Pay attention to Type | Document Footnote Options and Document Endnote Options. You can use them to apply styles to your endnotes/footnotes. These settings don't synchronize between files, apparently. You must do each file separately.

 

Use the Articles panel for EPUB output. The Book panel controls what order ID outputs the files, but the Articles panel (one for each file) controls how the items within the file are output (or not). Use Object | Object Export Options for items in the Articles panel.

 

PAY ATTENTION TO HIDDEN OVERRIDES. These prevented several (many many) Kindle Previewer attempts for me. Click the Show Overrides button at the top of the Paragraph panel. You may be surprised at what lights up. Get rid of these overrides if possible -- they prevented Kindle Previewer from being willing to "enhance text" for me or even process the EPUB.

 

The other posters are absolutely right in that EPUB readers is where browsers were years ago. I got better-looking results from 3.0 than 2.0.1 even though there was nothing interactive in the book... but we were aiming at Kindle, which handles 3.0. Some of the other platforms do not.

 

Good luck.

 

 

 

 

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Engaged ,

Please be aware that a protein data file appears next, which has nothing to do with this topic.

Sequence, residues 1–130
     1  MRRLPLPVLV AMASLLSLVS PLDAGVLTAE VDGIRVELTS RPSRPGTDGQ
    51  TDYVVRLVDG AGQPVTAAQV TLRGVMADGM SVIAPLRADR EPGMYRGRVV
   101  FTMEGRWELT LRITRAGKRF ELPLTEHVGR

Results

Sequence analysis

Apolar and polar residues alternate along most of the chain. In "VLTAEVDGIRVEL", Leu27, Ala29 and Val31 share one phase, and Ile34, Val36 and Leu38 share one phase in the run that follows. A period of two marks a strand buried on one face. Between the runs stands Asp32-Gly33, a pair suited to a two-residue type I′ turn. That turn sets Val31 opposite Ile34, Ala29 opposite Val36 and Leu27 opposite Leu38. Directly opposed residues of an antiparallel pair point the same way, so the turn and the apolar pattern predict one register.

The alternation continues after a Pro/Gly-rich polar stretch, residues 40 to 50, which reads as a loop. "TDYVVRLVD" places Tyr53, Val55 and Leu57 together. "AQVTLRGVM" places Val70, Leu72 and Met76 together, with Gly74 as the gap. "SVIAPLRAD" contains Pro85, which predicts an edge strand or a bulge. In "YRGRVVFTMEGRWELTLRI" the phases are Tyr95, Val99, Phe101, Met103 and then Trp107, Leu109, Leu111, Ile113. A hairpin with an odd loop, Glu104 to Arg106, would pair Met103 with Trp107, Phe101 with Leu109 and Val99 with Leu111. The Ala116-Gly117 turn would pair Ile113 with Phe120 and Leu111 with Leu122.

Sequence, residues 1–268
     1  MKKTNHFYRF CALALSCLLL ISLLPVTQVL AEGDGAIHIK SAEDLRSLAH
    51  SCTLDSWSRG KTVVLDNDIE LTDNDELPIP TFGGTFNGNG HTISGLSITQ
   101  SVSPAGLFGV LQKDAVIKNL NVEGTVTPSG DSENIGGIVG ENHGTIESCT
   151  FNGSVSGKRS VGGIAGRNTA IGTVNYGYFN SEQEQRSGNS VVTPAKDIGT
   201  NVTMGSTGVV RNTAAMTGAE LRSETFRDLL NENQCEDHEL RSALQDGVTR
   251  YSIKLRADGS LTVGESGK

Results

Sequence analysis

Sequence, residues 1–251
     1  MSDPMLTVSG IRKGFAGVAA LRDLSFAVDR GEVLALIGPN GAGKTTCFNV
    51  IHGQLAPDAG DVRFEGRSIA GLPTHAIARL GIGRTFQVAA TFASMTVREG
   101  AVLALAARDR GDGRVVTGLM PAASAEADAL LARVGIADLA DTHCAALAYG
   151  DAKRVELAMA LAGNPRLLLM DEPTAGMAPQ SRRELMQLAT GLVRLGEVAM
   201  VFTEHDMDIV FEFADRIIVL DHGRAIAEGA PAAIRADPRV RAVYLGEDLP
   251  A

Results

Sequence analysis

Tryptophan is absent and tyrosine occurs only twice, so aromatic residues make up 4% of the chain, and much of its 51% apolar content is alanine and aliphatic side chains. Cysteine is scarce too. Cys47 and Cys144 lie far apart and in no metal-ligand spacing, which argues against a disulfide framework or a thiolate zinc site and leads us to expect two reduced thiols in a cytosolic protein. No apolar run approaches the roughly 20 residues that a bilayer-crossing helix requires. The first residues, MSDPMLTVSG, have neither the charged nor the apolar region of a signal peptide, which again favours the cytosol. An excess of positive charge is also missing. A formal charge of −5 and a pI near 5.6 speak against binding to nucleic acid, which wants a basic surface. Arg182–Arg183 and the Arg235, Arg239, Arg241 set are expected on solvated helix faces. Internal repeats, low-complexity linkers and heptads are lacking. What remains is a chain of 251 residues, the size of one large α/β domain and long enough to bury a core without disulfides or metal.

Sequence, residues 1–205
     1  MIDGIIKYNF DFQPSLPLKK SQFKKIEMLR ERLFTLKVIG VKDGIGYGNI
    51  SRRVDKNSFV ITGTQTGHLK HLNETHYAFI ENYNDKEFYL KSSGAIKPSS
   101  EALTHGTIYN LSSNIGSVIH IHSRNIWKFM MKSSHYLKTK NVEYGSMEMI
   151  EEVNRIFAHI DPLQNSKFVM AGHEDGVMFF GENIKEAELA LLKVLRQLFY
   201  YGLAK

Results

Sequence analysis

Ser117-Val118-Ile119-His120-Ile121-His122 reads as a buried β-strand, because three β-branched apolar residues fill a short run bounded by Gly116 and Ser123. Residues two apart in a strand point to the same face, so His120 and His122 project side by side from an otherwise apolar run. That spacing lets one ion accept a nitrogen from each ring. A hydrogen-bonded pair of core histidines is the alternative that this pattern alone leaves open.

Feb 07, 2022 Feb 07, 2022

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Thanks for all of the information you posted. I've been making my ePUBs from a single InD file, but I see youTube tutorials where a Book is used, with the different sections on their own ID files (TOC, Copyright, Acknowledgements, etc). Is it better practice to make a Book or does this even matter?

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Adobe Community Professional ,
Feb 07, 2022 Feb 07, 2022

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If you have no problems with a single INDD file, there's very little advantage to breaking it up and using a Book to recombine it, and that will create problems for endnotes—they will only go to the end of a document section, not the end of the overall book.

 

Just about the only reason to use separate files/Book is when the various elements come from different author/designer/developer/reviewers and it's easier to manage each section independently.

 

Concur that successful EPUB and Kindle export is all about keeping it meticulously clean and orderly—that's the big fault of most of those who go from Word to Kindle and have only a hazy notion of things like styles. Spot overrides aren't always a problem from ID, but things will work much more reliably if you use ONLY defined character styles.

|| Word & InDesign to Kindle (& EPUB): a Professional Guide (v2 now on Amazon!)